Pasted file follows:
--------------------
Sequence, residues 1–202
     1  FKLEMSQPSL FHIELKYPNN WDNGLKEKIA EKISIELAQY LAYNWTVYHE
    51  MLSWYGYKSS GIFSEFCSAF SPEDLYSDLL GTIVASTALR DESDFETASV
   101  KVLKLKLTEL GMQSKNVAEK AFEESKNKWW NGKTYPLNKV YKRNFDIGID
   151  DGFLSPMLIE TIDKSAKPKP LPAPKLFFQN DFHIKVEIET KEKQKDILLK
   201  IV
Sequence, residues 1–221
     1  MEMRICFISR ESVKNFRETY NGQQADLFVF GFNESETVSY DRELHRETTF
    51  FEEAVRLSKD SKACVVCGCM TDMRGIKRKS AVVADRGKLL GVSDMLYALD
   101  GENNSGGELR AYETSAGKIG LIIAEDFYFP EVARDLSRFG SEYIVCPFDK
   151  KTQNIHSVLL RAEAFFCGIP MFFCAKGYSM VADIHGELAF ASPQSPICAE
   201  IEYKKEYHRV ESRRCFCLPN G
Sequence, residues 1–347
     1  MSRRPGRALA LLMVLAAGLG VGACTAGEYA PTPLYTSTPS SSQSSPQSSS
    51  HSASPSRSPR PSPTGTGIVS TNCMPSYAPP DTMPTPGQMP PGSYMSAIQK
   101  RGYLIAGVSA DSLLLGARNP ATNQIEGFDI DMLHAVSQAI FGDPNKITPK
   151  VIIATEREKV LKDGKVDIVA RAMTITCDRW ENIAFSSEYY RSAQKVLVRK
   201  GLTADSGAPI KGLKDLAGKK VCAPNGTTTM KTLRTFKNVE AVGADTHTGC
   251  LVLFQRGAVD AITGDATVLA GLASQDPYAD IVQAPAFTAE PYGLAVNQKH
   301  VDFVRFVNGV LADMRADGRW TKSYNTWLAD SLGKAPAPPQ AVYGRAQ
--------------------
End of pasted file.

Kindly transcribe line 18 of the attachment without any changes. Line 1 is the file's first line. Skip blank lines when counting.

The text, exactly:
   201  GLTADSGAPI KGLKDLAGKK VCAPNGTTTM KTLRTFKNVE AVGADTHTGC